[In the following essay, Begam describe's three distinct conclusions to Things Fall Apart in relation to three different conceptions of history produced by reading the narrative in a post-colonial context, arguing that the novel offers various responses to tragedy as an art form as well.]
One of the more notable consequences of cultural globalization has been the exchange that has occurred over the last decade or so between what we have come to call postmodernism and postcolonialism.1 This meeting of First World and Third World has inspired more controversy than consensus, but on one point there seems to have been wide agreement: if we want to understand colonialism, then we must understand how it is represented. As Hayden White has argued, speaking of historiography in general, the "form" is the "content," and this means that the language, vocabulary, and conceptual framework in which the experience of colonialism is produced inevitably determine what can and cannot be said about it.2 To borrow Homi K. Bhabha's formulation, "nation" and "narration" are not easily separated—the one implies the other.3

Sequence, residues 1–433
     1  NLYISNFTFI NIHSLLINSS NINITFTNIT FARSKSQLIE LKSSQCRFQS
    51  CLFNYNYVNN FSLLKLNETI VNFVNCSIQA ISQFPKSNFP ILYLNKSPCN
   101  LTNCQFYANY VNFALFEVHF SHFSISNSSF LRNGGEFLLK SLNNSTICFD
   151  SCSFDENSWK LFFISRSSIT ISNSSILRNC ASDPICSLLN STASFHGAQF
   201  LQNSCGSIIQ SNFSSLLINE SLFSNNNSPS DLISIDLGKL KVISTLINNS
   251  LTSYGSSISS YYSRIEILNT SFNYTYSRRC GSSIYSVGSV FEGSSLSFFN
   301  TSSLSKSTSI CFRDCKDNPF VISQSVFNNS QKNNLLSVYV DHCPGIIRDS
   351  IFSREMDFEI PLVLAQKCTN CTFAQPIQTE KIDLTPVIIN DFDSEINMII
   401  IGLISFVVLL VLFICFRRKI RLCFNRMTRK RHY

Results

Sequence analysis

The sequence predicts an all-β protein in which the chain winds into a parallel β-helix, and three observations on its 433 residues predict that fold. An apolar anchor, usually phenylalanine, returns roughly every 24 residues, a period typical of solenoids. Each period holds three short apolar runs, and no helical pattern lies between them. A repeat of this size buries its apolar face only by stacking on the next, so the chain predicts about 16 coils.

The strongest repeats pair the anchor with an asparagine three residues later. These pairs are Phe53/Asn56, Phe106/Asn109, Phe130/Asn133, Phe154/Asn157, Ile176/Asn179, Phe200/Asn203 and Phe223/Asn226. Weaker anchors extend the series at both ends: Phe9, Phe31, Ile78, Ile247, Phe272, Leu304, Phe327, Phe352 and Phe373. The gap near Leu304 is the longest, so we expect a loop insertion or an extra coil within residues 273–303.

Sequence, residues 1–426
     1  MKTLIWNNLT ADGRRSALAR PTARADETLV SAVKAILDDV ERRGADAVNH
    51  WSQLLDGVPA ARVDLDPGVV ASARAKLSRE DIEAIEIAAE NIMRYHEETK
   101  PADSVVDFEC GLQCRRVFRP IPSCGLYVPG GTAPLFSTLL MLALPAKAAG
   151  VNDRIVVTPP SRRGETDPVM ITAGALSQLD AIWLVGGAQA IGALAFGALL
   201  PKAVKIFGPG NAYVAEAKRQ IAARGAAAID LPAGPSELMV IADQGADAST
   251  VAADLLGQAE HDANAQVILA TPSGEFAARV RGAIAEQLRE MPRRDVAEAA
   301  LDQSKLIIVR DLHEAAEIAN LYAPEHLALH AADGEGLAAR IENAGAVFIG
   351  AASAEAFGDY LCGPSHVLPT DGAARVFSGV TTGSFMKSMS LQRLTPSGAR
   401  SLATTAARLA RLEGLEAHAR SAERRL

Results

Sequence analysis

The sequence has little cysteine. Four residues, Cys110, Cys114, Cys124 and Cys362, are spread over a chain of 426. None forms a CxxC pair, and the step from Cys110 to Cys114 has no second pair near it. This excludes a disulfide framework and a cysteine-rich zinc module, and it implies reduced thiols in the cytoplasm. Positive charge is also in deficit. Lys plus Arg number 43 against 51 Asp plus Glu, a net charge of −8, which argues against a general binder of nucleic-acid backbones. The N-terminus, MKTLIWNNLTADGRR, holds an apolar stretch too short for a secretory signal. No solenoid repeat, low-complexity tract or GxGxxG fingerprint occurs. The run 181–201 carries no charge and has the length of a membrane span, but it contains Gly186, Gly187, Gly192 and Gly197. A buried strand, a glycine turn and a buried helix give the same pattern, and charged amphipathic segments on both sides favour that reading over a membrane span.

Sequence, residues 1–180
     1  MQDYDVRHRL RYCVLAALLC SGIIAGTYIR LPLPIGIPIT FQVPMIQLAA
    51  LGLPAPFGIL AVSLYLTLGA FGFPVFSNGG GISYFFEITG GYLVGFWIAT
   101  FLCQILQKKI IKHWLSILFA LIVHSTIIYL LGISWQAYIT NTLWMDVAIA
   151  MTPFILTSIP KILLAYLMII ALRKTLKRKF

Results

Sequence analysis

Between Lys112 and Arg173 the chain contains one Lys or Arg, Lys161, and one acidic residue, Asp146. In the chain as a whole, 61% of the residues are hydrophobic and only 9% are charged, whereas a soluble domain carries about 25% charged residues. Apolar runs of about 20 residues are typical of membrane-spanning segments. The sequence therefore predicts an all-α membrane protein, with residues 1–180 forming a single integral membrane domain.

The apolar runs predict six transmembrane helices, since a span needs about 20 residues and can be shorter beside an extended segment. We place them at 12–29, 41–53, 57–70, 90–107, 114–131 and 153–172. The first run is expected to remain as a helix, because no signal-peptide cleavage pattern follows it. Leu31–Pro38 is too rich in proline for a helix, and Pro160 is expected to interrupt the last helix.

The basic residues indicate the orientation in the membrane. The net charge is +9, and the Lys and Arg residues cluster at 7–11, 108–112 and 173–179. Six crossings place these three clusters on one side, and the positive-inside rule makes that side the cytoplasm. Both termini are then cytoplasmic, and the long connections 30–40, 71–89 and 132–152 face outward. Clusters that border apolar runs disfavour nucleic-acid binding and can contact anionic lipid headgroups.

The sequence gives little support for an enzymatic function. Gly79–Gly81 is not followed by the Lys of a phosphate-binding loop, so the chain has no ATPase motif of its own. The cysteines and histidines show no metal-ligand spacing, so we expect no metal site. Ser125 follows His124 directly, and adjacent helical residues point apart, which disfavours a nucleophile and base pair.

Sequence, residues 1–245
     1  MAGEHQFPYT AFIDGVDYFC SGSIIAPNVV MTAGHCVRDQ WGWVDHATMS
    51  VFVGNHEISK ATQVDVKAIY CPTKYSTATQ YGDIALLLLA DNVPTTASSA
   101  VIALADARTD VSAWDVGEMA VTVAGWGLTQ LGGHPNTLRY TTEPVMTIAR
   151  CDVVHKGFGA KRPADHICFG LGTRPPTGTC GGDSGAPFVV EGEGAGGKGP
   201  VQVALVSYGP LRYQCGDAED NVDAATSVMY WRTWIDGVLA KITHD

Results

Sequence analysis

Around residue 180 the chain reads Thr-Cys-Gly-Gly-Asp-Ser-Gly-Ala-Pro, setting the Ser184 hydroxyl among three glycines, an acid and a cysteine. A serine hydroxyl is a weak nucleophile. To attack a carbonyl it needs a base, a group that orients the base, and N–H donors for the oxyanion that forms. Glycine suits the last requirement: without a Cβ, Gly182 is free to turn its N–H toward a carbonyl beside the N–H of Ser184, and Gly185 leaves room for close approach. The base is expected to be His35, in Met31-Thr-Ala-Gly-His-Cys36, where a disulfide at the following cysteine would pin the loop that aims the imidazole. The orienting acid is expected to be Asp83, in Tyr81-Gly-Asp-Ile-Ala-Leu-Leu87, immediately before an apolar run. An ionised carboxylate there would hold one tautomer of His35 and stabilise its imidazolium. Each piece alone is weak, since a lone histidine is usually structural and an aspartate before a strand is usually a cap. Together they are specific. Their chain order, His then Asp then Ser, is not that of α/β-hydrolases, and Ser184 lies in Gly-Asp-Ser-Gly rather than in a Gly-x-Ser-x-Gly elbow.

The present paper explores the intersection between narrative construction and colonial...
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Aji, Aron and Kirstin Lynne Ellsworth. "Ezinma: The Ogbanje Child in Achebe's Things Fall Apart." College Literature 19, No. 3 (October 1992): 170-5.
Details the narrative significance of Ezinma in Things Fall Apart, emphasizing the feminine principles and cultural resilience that informs the character's purpose in the novel.
Brooks, Jerome. "The Art of Fiction CXXXIX: Chinua Achebe." Paris Review 36 (Winter 1994): 142-66.
An interview with Achebe in which he discusses his education, his work as a broadcaster in Nigeria, his views on other writers, his audience, and the political situation in Nigeria.
Carey-Webb, Allen. "Heart of Darkness, Tarzan, and the 'Third World': Canons and Encounters in World Literature, English 109." College Literature 19, No. 3 (October 1992): 121-41.
Addresses the reception and contextualization of "Third World" or "post-colonial" literature by comparing the contemporary canonical significance of Heart of Darkness, Tarzan, and Things Fall Apart.
DePriest, Tomika. "Women's Social Roles in the Novels of Chinua Achebe." Mount Olive Review 8 (Winter-Spring 1995–1996): 138-43.